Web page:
March 2, 2006
Hurricane season could match ’05: UN
By Mica Rosenberg
GUATEMALA CITY (Reuters) - This year's hurricane season
could match the record breaking destruction caused by storms in
2005, the United Nations warned.
In 2005, an unprecedented 27 tropical storms, 15 of which
became full-blown hurricanes, battered Central America and the
U.S. Gulf coast, killing more than 3,000 people and causing
tens of billions of dollars in damage.
"We have reason to fear that 2006 could be as bad as 2005,"
Jan Egeland, the undersecretary general for humanitarian
affairs who coordinates U.N. emergency relief, told Reuters on
"We have had a dramatic increase in climate related natural
disasters and at the same time we have more vulnerable people,
so it's a double effect," he said in Guatemala, where he is
meeting Central American leaders to plan for future disasters.
"That's why we need to prepare in order to prevent the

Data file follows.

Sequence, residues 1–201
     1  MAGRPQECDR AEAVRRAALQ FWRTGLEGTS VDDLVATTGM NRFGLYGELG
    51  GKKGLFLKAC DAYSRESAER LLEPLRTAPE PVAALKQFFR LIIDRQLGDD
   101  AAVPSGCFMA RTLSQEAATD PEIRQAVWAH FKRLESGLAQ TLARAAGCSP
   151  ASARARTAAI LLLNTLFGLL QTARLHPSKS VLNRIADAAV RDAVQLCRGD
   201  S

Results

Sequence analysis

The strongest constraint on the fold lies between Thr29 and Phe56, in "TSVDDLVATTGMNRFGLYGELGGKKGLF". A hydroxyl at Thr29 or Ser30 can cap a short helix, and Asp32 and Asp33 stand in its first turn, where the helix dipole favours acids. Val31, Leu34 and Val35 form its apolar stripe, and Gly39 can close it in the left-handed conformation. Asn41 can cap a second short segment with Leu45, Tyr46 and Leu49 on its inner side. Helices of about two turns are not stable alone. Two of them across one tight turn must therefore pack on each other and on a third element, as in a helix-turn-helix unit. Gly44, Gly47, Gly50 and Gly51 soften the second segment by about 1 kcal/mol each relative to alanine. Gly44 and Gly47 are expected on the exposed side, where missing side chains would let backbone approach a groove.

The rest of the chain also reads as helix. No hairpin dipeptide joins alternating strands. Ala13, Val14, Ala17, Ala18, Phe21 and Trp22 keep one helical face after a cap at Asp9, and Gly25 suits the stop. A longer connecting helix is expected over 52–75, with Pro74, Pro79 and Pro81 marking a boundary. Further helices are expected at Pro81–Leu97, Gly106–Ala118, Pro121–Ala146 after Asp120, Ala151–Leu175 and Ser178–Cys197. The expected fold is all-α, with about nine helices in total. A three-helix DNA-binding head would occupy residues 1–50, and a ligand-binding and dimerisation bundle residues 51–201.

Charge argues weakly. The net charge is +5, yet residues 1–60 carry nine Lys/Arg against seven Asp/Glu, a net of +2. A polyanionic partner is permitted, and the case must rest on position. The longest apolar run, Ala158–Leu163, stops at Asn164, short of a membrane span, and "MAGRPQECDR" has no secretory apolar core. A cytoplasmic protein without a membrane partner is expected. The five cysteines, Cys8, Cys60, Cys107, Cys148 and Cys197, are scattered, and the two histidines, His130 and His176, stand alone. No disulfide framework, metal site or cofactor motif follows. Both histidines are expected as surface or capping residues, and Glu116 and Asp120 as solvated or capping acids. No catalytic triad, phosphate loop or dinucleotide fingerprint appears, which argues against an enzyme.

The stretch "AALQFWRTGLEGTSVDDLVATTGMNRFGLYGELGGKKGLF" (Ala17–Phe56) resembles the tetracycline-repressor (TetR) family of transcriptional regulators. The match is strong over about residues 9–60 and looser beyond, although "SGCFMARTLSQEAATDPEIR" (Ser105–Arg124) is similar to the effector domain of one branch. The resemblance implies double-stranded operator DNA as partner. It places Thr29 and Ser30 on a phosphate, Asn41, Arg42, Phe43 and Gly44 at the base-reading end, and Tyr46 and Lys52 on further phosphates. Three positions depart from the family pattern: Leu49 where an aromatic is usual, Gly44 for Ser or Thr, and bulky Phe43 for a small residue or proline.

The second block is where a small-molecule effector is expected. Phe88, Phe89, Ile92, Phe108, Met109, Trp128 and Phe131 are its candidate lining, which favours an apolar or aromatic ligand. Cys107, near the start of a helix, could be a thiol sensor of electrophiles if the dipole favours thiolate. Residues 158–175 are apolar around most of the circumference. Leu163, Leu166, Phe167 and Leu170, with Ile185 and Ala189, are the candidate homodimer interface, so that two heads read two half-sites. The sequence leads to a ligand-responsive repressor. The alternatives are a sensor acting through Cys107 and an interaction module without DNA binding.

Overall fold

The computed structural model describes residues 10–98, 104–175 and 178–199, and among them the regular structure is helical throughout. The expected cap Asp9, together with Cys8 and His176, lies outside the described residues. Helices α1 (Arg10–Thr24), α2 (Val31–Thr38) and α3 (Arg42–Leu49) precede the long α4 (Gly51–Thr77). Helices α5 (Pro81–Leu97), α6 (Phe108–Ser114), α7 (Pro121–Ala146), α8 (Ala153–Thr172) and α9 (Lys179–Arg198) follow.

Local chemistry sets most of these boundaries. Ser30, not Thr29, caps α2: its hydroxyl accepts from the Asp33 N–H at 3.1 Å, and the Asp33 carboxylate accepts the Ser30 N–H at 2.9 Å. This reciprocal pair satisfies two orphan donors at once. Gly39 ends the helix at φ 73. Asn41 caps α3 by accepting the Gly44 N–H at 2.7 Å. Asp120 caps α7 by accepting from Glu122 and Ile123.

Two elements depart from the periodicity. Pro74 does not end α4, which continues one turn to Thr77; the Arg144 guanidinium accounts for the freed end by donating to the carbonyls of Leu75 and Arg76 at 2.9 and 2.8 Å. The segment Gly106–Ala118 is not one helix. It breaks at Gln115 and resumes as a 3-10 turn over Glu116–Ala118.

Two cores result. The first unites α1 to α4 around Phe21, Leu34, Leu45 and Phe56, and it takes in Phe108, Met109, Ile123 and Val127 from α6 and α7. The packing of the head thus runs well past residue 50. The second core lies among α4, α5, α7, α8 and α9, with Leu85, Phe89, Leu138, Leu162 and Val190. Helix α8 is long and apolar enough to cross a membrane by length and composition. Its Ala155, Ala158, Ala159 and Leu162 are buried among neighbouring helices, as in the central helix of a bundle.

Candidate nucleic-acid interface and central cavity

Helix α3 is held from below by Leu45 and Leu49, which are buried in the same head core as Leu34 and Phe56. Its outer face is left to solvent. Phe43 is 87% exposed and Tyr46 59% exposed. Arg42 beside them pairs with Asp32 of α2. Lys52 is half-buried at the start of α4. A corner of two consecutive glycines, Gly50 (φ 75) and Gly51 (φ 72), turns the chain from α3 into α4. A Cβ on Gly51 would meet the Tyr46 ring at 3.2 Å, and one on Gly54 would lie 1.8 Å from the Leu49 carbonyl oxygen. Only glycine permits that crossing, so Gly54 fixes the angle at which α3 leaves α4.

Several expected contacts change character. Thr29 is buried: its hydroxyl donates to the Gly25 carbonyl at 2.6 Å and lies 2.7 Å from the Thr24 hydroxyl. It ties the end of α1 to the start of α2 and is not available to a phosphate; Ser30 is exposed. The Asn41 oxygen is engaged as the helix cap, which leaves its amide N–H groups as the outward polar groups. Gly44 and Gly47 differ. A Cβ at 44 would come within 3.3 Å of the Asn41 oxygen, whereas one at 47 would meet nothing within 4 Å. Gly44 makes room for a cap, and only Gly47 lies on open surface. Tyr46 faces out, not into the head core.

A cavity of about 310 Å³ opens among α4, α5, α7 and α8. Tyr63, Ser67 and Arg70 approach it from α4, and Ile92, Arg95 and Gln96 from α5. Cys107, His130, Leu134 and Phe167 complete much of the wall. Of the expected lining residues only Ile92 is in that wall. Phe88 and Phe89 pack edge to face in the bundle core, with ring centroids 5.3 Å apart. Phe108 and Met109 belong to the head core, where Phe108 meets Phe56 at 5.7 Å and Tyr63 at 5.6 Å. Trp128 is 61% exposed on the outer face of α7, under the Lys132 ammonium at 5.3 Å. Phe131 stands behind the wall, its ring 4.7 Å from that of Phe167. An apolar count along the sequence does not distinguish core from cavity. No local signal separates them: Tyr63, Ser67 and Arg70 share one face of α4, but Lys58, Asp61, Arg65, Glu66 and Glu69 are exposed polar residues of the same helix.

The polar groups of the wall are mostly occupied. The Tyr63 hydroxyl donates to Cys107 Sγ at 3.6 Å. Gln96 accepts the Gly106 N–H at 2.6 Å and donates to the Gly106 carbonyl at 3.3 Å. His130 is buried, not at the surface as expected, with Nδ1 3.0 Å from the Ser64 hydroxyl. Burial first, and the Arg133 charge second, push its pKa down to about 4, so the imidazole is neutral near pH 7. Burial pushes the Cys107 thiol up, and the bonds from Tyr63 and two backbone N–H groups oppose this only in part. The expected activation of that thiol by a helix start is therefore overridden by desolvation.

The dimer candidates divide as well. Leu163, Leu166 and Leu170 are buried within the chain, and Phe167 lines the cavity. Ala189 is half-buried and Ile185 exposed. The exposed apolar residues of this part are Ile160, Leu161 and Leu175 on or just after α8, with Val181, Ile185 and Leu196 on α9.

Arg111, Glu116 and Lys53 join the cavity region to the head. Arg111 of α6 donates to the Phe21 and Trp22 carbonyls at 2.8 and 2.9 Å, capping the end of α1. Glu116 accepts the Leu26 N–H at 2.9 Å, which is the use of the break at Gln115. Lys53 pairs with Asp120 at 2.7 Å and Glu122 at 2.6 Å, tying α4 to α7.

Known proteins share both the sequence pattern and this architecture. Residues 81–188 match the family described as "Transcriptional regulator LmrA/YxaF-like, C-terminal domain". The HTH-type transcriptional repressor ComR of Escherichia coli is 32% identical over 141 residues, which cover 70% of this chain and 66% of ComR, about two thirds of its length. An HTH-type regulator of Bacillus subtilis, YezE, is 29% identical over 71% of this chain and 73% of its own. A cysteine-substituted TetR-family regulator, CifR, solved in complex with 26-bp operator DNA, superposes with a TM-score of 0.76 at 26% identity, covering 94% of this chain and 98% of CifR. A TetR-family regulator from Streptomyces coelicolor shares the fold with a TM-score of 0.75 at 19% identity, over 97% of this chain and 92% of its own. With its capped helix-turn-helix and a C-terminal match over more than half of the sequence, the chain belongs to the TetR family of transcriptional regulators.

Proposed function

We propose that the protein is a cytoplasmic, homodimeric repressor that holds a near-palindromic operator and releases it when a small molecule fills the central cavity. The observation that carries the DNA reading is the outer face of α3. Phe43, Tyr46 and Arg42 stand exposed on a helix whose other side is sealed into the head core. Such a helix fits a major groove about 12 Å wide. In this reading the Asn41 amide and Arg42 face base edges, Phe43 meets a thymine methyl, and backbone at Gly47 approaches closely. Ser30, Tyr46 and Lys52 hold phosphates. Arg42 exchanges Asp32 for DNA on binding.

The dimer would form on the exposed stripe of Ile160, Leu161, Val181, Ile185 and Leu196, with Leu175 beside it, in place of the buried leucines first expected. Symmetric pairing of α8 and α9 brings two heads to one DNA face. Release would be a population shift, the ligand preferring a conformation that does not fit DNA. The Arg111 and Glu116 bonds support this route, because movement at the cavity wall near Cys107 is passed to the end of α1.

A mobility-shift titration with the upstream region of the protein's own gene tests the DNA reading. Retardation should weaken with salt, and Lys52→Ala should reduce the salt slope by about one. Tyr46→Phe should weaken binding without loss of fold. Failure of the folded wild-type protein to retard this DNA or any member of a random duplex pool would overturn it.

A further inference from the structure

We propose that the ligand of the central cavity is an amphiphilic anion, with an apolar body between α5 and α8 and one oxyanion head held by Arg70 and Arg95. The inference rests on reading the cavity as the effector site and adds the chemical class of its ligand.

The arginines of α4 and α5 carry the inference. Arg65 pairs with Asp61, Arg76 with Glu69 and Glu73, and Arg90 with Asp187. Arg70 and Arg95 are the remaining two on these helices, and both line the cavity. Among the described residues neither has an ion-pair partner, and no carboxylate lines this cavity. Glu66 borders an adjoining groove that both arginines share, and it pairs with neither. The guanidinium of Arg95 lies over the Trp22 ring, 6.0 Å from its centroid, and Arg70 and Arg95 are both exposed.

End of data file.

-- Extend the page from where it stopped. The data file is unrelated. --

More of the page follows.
Hurricane Stan killed more than 2,000 people in Central
America last October. Guatemala was hardest hit with mudslides
burying villages and washing away roads.
Hurricane Katrina wrecked New Orleans and much of the U.S.
Gulf coast in late August, killing about 1,300 people.
Guatemala's losses from Stan were nearly $1 billion,
equivalent to more than 3 percent of the country's gross
domestic product, according to a recent U.N. study.
The U.N. launched an international appeal for more than $30
million in hurricane relief here but has only managed to raise
two-thirds of that amount so far.
Most is earmarked for reconstruction rather than
prevention. Programs to reinforce buildings and train emergency
workers are expensive but Egeland insisted that every dollar
spent on prevention can save millions in the aftermath of a
"Haiti is the most vulnerable society in the region and
Cuba is one of the best prepared, if not the best prepared for
natural disasters," said Egeland. "The same hurricane which
would take zero lives in Cuba would kill massively in Haiti."
Latin American and Caribbean nations are prone to floods,
earthquakes and forest fires as well as hurricanes, the fallout
from which is compounded by poverty and weak infrastructure.